Nov 29, 2017
By Jane Brown
Marriage just might prevent, or at least slow down, the development of dementia.
A new analysis of data from 15 studies of more than 800,000 participants finds people who are single or widowed are more likely to develop dementia than those who are married.
Those who lost a spouse were 20 per cent more likely of developing dementia than married people, and those who never married had an increased risk of more than 40 per cent of developing the mind robbing disease.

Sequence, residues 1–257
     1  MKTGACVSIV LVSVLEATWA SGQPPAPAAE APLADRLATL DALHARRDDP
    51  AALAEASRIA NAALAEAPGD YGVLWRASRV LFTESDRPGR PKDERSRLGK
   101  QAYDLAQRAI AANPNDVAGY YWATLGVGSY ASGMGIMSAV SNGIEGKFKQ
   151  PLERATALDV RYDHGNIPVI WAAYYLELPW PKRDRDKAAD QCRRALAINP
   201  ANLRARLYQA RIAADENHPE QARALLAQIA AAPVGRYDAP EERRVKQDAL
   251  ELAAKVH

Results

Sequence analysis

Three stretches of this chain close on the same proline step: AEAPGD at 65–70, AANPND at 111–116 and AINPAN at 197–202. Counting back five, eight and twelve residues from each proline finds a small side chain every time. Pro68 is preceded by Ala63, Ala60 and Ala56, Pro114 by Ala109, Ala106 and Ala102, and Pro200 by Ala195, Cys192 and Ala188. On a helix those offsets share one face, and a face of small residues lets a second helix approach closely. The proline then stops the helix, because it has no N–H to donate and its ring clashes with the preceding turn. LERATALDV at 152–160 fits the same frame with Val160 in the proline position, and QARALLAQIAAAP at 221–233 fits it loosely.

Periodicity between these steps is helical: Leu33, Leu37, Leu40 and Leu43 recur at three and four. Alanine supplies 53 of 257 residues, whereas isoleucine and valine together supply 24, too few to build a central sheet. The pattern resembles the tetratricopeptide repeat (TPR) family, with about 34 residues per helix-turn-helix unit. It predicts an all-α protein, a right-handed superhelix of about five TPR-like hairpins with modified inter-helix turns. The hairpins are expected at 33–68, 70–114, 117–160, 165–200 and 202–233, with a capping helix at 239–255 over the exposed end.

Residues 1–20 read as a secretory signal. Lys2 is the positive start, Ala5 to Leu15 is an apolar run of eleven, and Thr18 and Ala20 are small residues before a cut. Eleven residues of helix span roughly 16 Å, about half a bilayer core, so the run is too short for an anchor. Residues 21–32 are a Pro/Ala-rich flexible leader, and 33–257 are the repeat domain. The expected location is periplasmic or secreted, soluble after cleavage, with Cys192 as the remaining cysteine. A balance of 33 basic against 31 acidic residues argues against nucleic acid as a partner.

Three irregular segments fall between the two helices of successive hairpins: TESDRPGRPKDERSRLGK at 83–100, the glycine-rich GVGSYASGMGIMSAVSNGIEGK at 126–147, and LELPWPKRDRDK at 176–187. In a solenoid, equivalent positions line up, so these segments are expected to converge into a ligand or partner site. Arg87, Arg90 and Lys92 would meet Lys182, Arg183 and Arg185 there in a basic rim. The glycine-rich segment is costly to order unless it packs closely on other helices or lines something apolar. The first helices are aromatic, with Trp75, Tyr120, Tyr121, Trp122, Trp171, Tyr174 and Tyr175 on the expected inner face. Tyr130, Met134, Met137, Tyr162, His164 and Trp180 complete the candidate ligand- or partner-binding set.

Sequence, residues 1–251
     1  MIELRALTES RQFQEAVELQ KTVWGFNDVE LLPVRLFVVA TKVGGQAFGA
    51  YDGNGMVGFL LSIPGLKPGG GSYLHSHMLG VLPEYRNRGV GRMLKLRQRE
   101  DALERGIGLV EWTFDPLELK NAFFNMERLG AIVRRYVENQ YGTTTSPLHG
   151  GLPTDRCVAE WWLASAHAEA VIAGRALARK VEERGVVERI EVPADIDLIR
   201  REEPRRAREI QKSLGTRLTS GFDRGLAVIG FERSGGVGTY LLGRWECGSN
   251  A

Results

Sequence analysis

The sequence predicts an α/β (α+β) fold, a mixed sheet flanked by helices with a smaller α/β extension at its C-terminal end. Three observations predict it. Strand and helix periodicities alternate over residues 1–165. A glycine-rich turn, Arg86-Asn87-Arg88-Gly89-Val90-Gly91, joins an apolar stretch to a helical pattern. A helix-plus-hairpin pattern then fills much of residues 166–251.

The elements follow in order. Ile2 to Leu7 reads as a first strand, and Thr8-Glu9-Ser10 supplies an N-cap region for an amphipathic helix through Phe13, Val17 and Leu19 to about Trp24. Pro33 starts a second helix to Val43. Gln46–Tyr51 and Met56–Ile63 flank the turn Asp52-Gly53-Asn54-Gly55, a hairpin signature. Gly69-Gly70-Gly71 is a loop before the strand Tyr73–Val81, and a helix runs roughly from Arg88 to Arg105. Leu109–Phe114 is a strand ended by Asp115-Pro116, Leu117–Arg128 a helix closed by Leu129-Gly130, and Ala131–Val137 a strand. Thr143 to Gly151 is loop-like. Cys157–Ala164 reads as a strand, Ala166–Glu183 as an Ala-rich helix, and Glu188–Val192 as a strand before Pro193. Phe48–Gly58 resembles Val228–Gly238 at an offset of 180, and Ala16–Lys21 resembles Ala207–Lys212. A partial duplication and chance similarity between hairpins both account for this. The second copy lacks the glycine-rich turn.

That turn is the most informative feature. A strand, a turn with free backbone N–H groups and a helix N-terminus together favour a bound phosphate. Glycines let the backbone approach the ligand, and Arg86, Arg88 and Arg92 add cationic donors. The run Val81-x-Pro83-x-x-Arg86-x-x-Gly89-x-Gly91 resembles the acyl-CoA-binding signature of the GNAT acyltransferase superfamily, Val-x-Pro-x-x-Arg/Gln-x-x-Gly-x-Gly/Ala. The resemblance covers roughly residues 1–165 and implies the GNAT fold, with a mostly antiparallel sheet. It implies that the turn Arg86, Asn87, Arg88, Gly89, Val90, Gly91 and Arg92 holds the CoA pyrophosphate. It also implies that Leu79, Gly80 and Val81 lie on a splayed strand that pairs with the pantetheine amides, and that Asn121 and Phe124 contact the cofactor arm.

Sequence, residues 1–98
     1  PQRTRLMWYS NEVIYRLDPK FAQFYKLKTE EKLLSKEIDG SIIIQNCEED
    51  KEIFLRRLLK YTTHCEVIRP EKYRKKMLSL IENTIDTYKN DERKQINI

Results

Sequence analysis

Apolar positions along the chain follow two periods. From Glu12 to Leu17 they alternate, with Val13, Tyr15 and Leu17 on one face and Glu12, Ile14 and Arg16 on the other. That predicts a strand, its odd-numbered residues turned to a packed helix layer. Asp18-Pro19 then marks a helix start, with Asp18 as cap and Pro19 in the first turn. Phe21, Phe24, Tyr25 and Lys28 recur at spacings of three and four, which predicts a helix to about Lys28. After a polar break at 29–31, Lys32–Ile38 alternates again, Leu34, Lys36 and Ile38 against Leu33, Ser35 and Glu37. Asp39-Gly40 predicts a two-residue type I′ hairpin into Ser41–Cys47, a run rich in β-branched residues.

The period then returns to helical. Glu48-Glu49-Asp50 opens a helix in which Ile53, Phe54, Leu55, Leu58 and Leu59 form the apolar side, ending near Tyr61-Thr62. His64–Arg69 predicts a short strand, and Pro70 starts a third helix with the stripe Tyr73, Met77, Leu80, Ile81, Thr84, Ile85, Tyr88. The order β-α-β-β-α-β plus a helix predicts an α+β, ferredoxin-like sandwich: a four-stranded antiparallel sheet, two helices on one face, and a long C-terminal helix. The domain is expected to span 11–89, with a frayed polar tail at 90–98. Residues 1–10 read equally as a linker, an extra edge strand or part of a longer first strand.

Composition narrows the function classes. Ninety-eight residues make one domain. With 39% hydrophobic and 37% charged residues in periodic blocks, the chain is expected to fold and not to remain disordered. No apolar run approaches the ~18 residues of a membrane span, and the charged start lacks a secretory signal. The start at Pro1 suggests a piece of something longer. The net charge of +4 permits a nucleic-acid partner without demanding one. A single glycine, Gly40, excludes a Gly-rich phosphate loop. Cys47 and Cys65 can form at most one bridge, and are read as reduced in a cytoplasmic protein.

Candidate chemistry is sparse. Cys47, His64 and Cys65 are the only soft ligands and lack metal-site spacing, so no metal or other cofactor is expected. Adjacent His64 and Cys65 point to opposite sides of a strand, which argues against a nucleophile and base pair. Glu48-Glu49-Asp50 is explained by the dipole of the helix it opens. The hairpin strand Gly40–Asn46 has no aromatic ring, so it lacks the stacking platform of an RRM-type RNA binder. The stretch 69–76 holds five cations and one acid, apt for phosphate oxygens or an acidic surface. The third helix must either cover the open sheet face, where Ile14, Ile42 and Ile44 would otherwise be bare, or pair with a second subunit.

The study authors say married people may lead healthier lifestyles and have increased social interaction, factors that may increase a person’s cognitive reserve.
You can read about the study in the Journal of Neurology, Neurosurgery and Psychiatry.